The effect of temperature differences on the distribution of an airborne contaminant in an experimental room.
Lee-E; Feigley-CE; Khan-JA; Hussey-JR
Ann Occup Hyg 2006 Jul; 50(5):527-537
Estimating exposure to contaminants emitted into workroom air is essential for worker protection. Although contaminant concentrations are often not spatially uniform within workrooms, many methods for estimating exposure do not adequately account for this variability. Here the impact of temperature differences within a room on spatial contaminant distribution was studied. Tracer gas (99.5% propylene) concentrations were monitored automatically at 144 sampling points with a photoionization detector. One wall was chosen to represent a building's external wall and was heated or cooled to simulate summer or winter conditions. Experiments were preformed at two flow rates (5.5 and 3.3 m(3) min(-1)) and six thermal conditions (isothermal, three summer conditions and two winter conditions). For 5.5 m(3) min(-1) and all thermal conditions, the coefficient of variation (CV) ranged from 0.34 to 0.45 and the normalized average concentrations were similar. For 3.3 m(3) min(-1), winter conditions produced greater spatial variability of concentration (CV = 0.72 and 1.10) than isothermal or summer conditions (CV range = 0.29-0.34). Tests simulating winter conditions suggest that the resulting stable temperature structure inhibited the dilution of the tracer and enhanced its segregation in the lower portion of the room, especially for the lower flow rate (3.3 m(3) min(-1)). Therefore, not explicitly addressing thermal effect in exposure modeling may impact the estimated accuracy and precision when used for rooms that are non-isothermal and not well mixed. These findings also have implications for air monitoring. Dispersion patterns for different thermal conditions were found to be substantially different, even when the mean concentrations were nearly the same. Thus, monitoring data from a single season should not be taken as representative of the entire year, when summer and winter conditions create temperature gradients in a room.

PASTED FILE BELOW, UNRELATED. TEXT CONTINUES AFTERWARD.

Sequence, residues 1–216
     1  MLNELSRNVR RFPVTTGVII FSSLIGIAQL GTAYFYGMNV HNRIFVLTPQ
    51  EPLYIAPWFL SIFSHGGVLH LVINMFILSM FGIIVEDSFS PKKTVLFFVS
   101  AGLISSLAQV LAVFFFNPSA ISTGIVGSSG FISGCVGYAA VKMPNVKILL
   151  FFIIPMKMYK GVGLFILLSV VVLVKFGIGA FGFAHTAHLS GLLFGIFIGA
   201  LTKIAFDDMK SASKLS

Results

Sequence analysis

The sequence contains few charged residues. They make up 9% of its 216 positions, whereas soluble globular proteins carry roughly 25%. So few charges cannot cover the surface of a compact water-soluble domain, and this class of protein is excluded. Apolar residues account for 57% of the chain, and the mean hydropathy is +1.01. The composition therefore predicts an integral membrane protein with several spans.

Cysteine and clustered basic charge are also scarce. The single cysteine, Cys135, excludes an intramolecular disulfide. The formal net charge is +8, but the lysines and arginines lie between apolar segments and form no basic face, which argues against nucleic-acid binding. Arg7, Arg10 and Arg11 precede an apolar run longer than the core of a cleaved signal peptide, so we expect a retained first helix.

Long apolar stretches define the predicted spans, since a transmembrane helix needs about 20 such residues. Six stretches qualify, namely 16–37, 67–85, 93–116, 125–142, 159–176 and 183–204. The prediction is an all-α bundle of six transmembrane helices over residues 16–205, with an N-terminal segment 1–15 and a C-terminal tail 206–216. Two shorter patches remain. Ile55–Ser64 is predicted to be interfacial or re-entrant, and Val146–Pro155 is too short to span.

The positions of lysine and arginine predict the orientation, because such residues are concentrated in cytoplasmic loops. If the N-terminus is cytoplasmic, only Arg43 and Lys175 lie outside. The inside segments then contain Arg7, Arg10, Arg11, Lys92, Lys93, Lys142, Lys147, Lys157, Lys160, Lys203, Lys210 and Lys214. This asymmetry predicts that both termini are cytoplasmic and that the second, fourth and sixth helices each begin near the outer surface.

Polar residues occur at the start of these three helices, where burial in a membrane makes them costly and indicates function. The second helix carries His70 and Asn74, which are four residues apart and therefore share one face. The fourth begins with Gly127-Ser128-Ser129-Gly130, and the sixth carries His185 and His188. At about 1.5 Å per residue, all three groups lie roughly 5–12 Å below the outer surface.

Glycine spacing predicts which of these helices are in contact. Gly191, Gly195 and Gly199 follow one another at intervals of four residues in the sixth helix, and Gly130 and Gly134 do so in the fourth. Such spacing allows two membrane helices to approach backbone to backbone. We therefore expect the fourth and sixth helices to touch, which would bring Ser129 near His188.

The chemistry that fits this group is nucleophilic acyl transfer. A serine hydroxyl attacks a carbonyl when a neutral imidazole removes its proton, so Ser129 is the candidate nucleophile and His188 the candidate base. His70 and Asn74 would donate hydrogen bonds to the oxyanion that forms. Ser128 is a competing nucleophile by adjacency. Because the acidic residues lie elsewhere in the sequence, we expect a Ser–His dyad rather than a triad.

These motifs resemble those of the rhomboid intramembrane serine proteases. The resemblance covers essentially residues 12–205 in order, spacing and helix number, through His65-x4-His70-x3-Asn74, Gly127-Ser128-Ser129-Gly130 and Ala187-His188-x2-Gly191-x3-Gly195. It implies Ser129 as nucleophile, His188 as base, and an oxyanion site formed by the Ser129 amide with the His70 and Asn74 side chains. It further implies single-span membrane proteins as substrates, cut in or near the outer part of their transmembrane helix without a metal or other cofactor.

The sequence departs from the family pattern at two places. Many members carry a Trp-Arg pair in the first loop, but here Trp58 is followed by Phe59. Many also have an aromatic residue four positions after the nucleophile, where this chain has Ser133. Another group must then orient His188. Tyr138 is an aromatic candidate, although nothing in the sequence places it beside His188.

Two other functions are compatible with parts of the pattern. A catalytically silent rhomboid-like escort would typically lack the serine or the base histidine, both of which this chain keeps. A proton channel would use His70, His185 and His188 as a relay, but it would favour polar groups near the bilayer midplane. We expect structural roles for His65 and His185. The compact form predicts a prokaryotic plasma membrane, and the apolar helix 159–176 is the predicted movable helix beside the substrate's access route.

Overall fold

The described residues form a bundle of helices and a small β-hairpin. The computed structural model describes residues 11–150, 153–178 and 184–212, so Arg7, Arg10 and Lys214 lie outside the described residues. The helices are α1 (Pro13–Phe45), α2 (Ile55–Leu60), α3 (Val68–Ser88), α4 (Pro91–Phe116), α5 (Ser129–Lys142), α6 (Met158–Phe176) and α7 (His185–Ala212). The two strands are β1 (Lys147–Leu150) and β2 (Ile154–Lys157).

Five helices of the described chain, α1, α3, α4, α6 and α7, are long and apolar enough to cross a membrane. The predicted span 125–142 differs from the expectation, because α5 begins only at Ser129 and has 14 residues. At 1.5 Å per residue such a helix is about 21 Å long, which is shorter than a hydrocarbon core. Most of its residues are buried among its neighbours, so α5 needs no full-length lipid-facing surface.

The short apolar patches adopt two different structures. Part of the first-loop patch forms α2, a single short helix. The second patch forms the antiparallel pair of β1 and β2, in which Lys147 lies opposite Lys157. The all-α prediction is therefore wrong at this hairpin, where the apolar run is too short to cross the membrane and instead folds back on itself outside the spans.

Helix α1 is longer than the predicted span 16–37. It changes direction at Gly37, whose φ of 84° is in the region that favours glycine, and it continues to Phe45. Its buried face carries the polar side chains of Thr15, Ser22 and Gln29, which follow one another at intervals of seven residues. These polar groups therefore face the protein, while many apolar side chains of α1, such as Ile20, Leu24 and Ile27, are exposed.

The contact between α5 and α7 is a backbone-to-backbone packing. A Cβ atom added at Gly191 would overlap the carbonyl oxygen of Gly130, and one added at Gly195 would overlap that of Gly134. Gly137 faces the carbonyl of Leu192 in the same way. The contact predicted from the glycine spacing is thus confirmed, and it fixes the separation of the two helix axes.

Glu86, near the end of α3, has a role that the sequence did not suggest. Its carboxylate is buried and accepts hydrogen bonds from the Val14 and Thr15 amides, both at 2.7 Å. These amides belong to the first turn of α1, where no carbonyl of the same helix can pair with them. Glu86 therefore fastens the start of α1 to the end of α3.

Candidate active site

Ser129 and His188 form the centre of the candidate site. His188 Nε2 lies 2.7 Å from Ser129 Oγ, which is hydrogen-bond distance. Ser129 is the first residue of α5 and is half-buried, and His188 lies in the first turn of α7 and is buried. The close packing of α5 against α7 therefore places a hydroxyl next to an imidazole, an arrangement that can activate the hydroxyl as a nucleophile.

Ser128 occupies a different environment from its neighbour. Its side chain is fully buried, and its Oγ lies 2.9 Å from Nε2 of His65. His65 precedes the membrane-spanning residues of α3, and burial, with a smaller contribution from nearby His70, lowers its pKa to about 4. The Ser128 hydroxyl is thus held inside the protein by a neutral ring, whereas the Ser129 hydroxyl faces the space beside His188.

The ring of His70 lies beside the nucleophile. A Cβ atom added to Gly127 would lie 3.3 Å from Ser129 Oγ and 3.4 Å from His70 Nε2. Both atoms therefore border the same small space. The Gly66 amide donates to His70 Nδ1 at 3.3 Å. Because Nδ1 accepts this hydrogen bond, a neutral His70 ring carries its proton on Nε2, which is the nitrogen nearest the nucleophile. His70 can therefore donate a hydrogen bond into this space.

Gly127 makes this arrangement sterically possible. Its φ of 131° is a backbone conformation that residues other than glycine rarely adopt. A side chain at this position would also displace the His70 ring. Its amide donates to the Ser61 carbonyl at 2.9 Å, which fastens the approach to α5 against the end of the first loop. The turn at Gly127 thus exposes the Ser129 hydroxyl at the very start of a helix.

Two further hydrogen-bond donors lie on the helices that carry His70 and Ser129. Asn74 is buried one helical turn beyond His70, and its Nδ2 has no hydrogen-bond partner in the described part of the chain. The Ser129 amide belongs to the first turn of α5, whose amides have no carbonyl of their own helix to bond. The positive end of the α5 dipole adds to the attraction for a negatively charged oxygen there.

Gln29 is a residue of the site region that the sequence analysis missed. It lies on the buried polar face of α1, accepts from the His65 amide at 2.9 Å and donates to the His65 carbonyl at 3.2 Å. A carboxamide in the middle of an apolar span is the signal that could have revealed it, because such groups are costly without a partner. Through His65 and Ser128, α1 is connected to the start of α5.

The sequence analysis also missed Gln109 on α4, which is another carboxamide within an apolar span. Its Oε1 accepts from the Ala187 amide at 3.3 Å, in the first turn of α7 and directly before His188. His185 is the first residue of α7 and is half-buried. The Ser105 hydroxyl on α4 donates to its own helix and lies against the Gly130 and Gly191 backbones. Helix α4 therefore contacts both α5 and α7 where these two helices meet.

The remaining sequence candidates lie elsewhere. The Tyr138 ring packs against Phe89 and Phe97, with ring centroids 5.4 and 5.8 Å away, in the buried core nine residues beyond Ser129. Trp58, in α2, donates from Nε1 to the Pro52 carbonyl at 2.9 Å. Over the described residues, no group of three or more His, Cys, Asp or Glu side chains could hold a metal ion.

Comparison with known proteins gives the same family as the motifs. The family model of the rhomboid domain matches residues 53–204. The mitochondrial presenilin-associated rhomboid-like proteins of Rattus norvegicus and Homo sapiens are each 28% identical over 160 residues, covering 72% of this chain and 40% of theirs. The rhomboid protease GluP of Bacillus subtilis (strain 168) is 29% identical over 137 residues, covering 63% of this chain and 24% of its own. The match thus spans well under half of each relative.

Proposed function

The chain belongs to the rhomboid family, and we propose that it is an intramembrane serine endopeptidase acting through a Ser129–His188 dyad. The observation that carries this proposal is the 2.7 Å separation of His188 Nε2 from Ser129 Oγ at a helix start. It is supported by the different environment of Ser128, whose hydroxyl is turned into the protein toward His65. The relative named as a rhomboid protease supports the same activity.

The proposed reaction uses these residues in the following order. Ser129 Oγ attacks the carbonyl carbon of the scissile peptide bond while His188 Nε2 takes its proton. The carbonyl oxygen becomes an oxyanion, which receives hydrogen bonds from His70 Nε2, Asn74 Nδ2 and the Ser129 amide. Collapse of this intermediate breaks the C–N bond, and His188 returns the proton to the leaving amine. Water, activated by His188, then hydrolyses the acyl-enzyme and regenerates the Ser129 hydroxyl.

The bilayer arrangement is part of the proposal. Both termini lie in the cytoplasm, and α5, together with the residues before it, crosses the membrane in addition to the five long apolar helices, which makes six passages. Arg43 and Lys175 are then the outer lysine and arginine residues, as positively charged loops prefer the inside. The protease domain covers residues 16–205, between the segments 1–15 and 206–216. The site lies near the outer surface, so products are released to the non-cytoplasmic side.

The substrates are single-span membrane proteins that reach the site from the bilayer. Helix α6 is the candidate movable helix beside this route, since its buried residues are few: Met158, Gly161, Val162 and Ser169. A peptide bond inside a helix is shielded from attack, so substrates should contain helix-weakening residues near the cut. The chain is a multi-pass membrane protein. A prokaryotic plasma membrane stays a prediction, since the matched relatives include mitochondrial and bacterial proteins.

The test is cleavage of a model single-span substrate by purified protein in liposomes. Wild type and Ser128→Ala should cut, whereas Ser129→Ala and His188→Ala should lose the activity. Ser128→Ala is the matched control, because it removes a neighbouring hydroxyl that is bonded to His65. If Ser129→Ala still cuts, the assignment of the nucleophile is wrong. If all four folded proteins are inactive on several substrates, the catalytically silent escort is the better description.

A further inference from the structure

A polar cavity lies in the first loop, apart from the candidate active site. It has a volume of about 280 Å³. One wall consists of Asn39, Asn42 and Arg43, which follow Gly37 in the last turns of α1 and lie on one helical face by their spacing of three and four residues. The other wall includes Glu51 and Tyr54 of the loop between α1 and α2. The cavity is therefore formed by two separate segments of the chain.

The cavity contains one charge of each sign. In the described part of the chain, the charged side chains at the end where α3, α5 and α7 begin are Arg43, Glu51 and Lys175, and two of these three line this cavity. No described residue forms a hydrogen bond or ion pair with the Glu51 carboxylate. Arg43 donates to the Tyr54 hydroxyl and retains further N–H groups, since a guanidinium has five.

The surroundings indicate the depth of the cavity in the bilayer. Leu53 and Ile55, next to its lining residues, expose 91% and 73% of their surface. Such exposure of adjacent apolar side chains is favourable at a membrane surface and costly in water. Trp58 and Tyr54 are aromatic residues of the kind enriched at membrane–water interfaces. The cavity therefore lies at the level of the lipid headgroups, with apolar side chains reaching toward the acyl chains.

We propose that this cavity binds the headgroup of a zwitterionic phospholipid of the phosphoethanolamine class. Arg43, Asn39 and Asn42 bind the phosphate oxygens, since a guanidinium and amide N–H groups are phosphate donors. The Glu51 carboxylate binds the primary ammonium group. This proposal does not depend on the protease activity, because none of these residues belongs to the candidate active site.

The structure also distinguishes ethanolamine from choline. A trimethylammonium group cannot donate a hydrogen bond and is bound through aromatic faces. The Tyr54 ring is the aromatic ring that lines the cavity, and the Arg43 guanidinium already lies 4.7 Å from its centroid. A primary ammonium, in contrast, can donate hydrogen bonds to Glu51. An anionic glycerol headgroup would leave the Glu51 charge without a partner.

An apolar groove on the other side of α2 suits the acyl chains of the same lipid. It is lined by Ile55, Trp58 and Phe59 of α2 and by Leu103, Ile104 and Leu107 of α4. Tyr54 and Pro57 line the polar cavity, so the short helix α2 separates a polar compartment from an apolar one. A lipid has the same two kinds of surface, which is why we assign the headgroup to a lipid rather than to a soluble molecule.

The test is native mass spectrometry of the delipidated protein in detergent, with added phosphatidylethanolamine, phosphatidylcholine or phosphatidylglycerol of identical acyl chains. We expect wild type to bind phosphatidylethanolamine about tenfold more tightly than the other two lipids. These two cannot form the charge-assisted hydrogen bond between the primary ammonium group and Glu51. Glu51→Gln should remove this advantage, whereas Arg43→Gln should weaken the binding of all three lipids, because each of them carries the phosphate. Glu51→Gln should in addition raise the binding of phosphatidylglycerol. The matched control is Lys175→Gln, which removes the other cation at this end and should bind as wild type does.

Temperature-effects; Airborne-particles; Air-contamination; Workers; Worker-health; Occupational-exposure; Occupational-hazards; Occupational-health; Air-sampling; Sampling; Sampling-methods; Gases; Air-flow; Environmental-health-monitoring; Pollution; Pollutants
Annals of Occupational Hygiene
University of South Carolina at Columbia, Columbia, South Carolina